Jewish disabled advocacy group convinced MLB to change 'disabled list' name

Deputy commissioner Dan Halem specifically cited Link20, a global social movement of young activists who promote the inclusion of people with disabilities, as helping to effect the change.

By MARCY OSTER/JTA
February 11, 2019 12:55
1 minute read.
CODY DECKER takes a swing during a PCL baseball game

CODY DECKER takes a swing during a PCL baseball game. (photo credit: RENO ACES)

 
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Major League Baseball’s disabled list will be renamed the “injured list,” after the intervention of advocacy groups for the disabled, including the Link20 Network of the Ruderman Family Foundation.

The MLB made the announcement public on Thursday, after ESPN broke the news. A memo of the name change had been distributed to teams in December, according to ESPN.

The rules will remain the same, with a 10-day list for short-term injuries and a 60-day list for more serious problems.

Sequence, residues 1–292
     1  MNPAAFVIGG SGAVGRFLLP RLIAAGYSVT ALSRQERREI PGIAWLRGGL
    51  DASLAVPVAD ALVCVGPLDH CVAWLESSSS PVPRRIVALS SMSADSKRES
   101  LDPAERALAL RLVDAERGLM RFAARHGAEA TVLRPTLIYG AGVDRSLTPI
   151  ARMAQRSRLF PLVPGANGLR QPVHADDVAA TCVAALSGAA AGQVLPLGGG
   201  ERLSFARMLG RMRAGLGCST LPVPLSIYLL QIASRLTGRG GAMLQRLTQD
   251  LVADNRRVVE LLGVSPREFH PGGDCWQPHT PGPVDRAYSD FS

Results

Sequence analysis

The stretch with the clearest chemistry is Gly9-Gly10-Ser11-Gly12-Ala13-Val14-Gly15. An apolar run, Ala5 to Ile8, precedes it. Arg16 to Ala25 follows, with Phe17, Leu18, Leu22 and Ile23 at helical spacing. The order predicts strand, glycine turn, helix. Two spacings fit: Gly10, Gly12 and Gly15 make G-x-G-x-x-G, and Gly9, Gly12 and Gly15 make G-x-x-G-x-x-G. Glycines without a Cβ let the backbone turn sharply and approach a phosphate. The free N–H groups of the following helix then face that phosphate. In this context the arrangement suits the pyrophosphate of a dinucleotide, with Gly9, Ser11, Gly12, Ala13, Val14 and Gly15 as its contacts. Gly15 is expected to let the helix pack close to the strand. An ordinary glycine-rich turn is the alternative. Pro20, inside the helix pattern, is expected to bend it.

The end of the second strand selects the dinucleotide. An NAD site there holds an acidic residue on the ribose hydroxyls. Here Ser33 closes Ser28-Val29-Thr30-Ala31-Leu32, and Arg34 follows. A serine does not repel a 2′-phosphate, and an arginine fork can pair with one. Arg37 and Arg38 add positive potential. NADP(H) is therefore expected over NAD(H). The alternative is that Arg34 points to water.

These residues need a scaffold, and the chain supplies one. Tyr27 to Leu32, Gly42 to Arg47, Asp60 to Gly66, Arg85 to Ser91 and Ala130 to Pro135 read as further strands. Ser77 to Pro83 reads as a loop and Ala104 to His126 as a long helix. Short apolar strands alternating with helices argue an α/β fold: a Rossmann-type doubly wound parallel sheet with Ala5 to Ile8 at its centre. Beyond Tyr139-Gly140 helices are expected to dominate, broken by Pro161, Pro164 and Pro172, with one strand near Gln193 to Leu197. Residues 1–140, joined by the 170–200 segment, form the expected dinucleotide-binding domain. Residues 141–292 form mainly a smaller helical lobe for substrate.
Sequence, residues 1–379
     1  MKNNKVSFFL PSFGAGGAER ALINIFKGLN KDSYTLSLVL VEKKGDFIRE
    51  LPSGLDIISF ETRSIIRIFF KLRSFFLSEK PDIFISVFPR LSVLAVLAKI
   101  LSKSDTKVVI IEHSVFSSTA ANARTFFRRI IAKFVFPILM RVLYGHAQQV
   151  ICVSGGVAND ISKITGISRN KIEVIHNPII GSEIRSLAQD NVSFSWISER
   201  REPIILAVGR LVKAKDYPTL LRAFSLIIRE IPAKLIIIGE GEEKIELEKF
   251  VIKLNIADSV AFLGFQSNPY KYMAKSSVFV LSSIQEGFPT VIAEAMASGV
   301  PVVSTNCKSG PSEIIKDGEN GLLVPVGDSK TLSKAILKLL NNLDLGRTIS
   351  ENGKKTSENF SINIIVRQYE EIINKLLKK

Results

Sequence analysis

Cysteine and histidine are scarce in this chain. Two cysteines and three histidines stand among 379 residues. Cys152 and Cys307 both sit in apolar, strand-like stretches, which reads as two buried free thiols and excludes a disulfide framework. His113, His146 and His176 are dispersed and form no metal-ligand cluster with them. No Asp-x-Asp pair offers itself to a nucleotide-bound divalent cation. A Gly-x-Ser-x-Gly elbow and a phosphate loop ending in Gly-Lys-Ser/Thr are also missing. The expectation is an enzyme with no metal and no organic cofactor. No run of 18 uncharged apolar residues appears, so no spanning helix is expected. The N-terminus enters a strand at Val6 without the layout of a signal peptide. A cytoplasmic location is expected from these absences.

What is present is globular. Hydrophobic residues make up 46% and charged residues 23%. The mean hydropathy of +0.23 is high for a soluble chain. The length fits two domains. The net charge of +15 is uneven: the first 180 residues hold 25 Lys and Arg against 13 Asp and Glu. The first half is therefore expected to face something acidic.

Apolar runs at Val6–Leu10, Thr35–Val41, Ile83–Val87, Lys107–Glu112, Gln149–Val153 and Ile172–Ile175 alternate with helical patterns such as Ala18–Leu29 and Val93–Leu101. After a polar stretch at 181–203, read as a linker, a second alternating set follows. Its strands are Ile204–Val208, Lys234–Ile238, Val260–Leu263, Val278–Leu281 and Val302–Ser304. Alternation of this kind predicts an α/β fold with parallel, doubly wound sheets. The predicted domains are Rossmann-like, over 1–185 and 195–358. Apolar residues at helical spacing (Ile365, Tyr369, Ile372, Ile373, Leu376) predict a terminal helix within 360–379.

In the months leading up to the decision, Link20, a Ruderman Family Foundation global social movement of young activists who promote the inclusion of people with disabilities, campaigned for the change and reached out to the commissioner of Major League Baseball, Robert Manfred, to recognize that athletes who sustain injuries are simply injured and not disabled.

“Using the term “Disabled List” for players who are injured reinforces the belief that people with disabilities are injured and therefore are not able to participate or compete in any sports. This perception is misleading and incorrect and has the unfortunate connotation that people with disabilities cannot take part in any professional sports. As we all know, there are many professional athletes with disabilities in all major sports in the U.S. and in the world,” the Link 20 letter sent to Manfred read.


Deputy commissioner Dan Halem specifically cited Link20 as helping to effect the change.

Jay Ruderman, president of the Ruderman Family Foundation, which advocates around the world for the inclusion of people with disabilities, praised the decision. “I’m  impressed with the respectful consideration of Major League Baseball as to why the term ‘disabled list’ is offensive to people who are permanently disabled,” he said Friday in a statement.


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